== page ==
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Six of my 10 favorite jazz albums of 2021 were recorded during the pandemic—one at peak lockdown (Jason Moran’s solo; you can hear the melancholy), the others during the brief spell when the plague seemed vanquished (numbers 2, 5, 6, 7, 9, and maybe I’m projecting, but you can sense the joy of the escape from hibernation). Throughout the various phases of COVID, all of the new releases on the list—and my three favorite reissues, newly discovered treasure troves, or a mix of both—provided hours of soothing charm or savage stimulation.
Best New Recordings
1. David Sanford Big Band, A Prayer for Lester Bowie
A Prayer for Lester Bowie is the most adventurous big band album I’ve heard in long time, a combination of jazz, avant-garde classical, blues, and R&B, shedding influences from Charles Mingus to Arnold Schoenberg to Sly & the Family Stone. Sanford is a Guggenheim Prize-winning composer of works for chamber and symphony orchestras, but this is something else. The first track, “Full Immersion,” fuses heady modernism with dance-floor funk in a seamless, original way.
2. Newvelle Records, Kimbrough (Newvelle)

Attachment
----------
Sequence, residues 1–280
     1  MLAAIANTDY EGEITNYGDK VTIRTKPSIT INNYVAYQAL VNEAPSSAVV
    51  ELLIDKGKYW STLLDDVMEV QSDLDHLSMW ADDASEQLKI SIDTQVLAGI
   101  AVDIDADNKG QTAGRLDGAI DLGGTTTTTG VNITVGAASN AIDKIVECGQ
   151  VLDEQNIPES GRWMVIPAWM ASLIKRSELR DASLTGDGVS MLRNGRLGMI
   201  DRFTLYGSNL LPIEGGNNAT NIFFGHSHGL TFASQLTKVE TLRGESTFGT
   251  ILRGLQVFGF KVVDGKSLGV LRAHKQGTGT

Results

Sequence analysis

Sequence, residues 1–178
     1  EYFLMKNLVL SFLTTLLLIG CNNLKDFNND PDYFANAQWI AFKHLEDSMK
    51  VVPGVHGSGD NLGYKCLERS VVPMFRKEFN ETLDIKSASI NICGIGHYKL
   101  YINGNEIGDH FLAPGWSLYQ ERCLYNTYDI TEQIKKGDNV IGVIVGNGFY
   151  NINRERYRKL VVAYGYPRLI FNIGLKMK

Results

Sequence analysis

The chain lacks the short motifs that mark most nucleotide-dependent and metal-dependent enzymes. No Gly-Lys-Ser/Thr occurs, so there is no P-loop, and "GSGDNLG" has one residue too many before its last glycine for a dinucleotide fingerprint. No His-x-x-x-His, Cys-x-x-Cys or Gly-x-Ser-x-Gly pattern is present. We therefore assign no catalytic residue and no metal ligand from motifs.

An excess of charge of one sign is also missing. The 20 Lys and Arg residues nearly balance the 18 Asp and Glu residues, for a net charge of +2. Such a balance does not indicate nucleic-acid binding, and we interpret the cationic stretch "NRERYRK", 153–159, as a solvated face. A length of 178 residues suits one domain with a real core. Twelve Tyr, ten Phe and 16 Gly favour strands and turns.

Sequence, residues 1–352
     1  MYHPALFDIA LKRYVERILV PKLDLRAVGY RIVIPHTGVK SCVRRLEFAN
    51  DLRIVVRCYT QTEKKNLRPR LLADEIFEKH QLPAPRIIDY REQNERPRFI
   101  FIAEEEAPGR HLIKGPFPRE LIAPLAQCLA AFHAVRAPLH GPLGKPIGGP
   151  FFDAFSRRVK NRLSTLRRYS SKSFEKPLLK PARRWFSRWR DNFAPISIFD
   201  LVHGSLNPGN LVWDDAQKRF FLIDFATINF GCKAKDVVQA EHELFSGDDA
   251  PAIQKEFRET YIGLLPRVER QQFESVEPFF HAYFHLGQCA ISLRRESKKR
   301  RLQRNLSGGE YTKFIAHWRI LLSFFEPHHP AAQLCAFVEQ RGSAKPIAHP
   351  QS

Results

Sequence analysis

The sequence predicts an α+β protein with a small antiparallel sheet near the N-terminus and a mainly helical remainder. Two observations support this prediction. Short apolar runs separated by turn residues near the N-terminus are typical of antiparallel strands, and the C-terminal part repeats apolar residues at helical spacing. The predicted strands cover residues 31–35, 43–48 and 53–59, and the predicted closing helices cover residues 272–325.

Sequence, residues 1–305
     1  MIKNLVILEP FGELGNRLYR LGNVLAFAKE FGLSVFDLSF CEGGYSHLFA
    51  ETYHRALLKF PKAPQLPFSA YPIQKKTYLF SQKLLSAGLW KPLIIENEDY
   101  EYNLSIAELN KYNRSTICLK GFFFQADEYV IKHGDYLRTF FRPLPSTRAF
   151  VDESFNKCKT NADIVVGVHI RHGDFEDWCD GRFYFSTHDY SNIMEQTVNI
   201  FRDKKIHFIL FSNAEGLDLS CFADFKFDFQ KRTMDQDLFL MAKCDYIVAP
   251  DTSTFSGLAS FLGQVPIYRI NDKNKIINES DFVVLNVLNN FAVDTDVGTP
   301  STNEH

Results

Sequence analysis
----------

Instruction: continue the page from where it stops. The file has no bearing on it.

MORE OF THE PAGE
Frank Kimbrough, the longtime pianist in Maria Schneider’s jazz orchestra, was one of the most beloved figures in modern jazz—so much so that, after he died of a sudden heart attack last December, at the age of 64, Newvelle Records corralled 67 musicians in various ensembles to cover 58 of his compositions (and without pay) for this digital-only album, the proceeds funding a Juilliard scholarship in his name. Kimbrough’s strength was in ballads, complex in harmonic structure and mood: sweeping or subtle, tempestuous or reflective, or all those things at once. The musicians—including many of New York’s finest—play as if the songs were standards they’d been playing for years.
3. Archie Shepp and Jason Moran, Let My People Go
The great tenor and soprano saxophonist Archie Shepp, 84, is known mainly for his avant-garde albums. But he has also long probed deep into spirituals and ballads, as he does here in duets with Jason Moran, 46, the most versatile jazz pianist on the scene. A chipped tooth loosened Shepp’s embouchure decades ago, but he has molded it into a tone of rapt passion. He also sings on some of these tracks with a soulful preacher’s insistence.
4. William Parker, Painters Winter